Serene, Supreme, Sixteen
Great sports moments — tennis fans witnessed one on Saturday in Paris — own a two-tiered quality. The actual competition, the business of winning and losing, is its own story, rooted in technique and strategy and execution under fire. Then, when the winner wins and the loser loses, the career achivements of the participants can then be measured. Serena Williams’s 6-4, 6-4 victory over Maria Sharapova in the women’s singles final of Roland Garros neatly unified the competition between the painted white lines and the enormity of the feat that was forged.
On an immediate level, Serena’s win over Sharapova was genuinely impressive in itself. Sharapova, knowing that the history of her head-to-head series with the younger Williams Sister was so lopsided, embraced the underdog’s role with clarity. She went for her shots and established considerable depth on her groundstrokes in the first few games of the match. Her serve faltered on a few occasions, but it is more of a weapon than it was last year, a big reason why Sharapova managed to make history this fortnight in Paris. Sharapova used her beefed-up serve to make the final of a major tournament as the defending champion, the first time in her career she has crafted that particular breakthrough. That same serve, combined with a generally aggressive mindset, enabled Sharapova to show that her 2012 Roland Garros championship was not an aberration.
Yet, for everything Sharapova did well, her opponent clearly outplayed her and won two sets without needing to win seven games in either stanza.
The details of a tennis match ultimately determine how close a scoreline actually is, but on a general level, a 4-and-4 win is simultaneously competitive and tidy. In a 4-and-4 match, the winner is pushed, but not to the extent that the prospect of a penalty-kick-style crapshoot — that’s what a tiebreaker is — becomes possible.
Think about it: A set needs to arrive at 5-5 in order for an 11th and 12th game to be played in a set. If the favorite is able to close out a set in 10 games, s/he will not spend the first-set changeover worrying about the heat of a 12th-game pressure cooker. One can quite reasonably say that while Serena was indeed tested today, the intensity of Sharapova’s inquiry was never so severe that the outcome of each set was in grave doubt after the ninth game. The first set was modestly more contentious than the second, but at the business end of each journey, everyone on hand at Court Philippe Chatrier knew who was in charge.
This, mind you, on a day when Maria Sharapova played well.
Serena’s serve; her severe-angle forehand to the decue court; and her steely confidence, bolstered by her quarterfinal escape on Tuesday against Svetlana Kuznetsova, enabled the 31-year-old to access a lofty level of quality that Sharapova couldn’t match.
Sharapova and Serena are both world-class competitors. Relative to their skill sets, they both get as much out of their arsenals as they can because they don’t take a backseat to anyone else in terms of the inner game in tennis, the one between the ears. Serena’s skill set is better, though, and she is therefore able to perform at a level commensurate with her skills. Sharapova is a master of the art of competing, and on Saturday, she wasn’t all that deficient as a performer, either. However, there’s no better performer in women’s tennis — and at the present moment, all of tennis — than Serena. If you can’t match her as a performer, you’re not going to beat her.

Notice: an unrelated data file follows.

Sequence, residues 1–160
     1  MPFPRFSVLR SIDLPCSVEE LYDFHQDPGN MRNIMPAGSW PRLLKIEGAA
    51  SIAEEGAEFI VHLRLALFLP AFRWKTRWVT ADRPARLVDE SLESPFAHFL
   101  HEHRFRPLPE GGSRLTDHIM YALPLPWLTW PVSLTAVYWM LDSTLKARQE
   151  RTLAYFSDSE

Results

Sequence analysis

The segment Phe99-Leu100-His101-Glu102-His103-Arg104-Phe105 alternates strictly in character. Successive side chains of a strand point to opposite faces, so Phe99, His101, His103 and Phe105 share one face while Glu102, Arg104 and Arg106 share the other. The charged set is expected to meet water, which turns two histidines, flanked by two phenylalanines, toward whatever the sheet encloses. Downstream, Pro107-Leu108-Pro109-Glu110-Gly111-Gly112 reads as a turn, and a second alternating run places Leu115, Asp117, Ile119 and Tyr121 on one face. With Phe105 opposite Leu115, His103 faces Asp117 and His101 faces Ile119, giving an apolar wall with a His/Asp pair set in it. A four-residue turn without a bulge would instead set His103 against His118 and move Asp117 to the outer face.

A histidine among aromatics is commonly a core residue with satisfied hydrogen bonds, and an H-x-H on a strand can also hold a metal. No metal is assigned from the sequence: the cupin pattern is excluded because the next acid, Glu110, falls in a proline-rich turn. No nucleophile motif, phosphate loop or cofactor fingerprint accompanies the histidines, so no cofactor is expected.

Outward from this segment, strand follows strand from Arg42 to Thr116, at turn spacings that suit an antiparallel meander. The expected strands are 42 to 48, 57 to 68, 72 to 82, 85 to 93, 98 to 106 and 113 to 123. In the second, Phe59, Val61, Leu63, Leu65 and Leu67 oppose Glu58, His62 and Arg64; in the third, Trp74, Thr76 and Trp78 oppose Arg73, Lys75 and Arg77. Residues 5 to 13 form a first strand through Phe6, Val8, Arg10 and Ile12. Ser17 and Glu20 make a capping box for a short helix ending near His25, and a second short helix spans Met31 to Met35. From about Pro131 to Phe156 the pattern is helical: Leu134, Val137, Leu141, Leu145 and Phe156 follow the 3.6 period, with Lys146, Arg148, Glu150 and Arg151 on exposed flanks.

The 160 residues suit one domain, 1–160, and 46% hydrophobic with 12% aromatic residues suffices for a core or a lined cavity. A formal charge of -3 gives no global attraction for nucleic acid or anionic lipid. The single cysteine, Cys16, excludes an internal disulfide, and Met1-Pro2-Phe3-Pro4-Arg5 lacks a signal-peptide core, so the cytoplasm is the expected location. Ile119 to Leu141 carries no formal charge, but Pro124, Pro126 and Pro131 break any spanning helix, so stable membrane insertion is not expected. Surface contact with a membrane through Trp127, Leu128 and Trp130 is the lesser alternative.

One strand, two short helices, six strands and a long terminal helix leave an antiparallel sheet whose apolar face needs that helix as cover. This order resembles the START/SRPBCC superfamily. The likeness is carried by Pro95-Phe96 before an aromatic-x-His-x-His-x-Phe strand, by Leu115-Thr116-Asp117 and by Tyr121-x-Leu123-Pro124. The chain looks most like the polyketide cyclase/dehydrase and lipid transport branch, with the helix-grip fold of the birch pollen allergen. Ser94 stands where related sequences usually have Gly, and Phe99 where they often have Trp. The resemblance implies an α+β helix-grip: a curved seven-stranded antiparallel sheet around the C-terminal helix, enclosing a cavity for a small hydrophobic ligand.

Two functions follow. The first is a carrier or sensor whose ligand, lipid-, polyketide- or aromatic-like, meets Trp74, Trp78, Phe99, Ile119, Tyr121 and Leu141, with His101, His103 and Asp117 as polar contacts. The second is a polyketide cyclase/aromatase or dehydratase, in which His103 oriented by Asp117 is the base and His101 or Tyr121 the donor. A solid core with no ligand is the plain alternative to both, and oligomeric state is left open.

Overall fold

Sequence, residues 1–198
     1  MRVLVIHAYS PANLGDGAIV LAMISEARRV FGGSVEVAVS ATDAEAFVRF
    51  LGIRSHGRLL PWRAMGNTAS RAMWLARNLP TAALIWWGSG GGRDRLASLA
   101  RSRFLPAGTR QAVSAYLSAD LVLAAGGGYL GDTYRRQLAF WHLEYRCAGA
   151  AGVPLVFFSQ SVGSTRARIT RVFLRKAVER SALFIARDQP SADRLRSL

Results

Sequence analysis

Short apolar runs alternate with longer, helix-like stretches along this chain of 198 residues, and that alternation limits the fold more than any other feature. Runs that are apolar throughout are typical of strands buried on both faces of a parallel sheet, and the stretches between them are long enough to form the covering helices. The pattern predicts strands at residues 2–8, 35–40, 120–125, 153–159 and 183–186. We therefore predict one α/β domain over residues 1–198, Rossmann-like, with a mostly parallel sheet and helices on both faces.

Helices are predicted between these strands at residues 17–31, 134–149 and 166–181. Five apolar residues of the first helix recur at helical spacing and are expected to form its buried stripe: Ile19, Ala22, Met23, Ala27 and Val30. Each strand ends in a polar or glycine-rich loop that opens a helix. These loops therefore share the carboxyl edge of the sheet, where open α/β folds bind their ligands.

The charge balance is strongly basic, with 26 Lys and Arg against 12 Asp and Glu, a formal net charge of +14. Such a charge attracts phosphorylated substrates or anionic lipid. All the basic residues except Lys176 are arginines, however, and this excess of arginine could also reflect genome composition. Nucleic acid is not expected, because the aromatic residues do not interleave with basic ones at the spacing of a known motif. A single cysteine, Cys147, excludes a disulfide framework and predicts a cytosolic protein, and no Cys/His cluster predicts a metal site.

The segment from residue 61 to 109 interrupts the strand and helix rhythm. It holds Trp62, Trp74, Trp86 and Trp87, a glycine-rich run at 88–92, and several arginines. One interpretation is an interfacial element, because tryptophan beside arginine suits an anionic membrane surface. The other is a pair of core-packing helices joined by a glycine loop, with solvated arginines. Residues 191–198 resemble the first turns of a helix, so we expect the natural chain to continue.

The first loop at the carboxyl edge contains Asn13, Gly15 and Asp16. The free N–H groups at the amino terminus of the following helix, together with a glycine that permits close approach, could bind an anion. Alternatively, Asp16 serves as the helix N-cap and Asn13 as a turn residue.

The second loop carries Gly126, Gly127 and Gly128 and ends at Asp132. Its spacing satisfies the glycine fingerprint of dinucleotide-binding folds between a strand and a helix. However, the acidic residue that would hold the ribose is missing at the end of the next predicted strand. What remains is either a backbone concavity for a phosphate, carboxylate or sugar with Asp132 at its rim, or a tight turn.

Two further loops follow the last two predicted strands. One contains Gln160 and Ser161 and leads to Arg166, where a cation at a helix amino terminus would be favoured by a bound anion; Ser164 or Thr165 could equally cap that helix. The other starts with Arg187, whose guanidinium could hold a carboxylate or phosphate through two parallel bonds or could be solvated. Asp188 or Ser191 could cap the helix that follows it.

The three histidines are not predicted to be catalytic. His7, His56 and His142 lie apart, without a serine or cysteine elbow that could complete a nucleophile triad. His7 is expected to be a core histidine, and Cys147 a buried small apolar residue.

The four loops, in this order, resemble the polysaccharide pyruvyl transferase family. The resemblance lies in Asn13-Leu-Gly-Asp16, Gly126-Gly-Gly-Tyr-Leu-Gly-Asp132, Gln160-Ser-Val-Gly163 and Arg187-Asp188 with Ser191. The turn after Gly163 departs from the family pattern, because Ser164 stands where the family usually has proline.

That’s why Serena is now a 16-time major champion. That’s why she managed to win Roland Garros 11 years after first conquering the terre battue of Paris. That’s why she’s playing the best tennis of her career right now.
J. Scott Fitzwater ( @jscottfitzwater on Twitter ) noted in the aftermath of today’s match that Serena is 74-3 in the past year, since the 2012 Roland Garros tournament. This is a 31-year-old tennis pro, not an ascendant 22-year-old or a reigning 26-year-old in her physical prime.
When Martina Navratilova began her streak of 74 straight match wins in 1984, she was 27. When Steffi Graf completed her streak of 66 straight match wins in 1990, she was only 20. Navratilova won 58 straight matches in 1986 and 1987 at age 30, but Serena’s past 12 months have topped that, at least when you realize the health scares that have been thrown her way in recent years.
Even before today’s match began, Serena Jameka Williams had already established herself as one of the 12 greatest tennis players of all time, and just as surely one of the four greatest female players ever (alongside Martina, Steffi, and Chris Evert). When you win at the highest level in the latter stages of a career; when you win a major 11 years after first claiming it; when you conquer your worst surface for a second time, proving that you’re not a one-note wonder at Roland Garros; and when you achieve all of this by playing a high-quality match against one of your more determined contemporaries, you’re only going to grow in stature and rise in the estimation of tennis historians.
This is a Roland Garros made for legends. Rafael Nadal has built his reputation on terre battue. Serena Williams, as lauded and distinguished as she’s been over the years, has managed to transform her reputation on crushed red brick. In so doing, an already-amazing career has managed to become something much greater.
The greatest of the great — in any sport and any human endeavor — expand the sense of what’s possible. With all due respect to Nadal, about to win his eighth Roland Garros, there’s no active tennis player who is re-drawing horizons more dramatically than Serena Williams.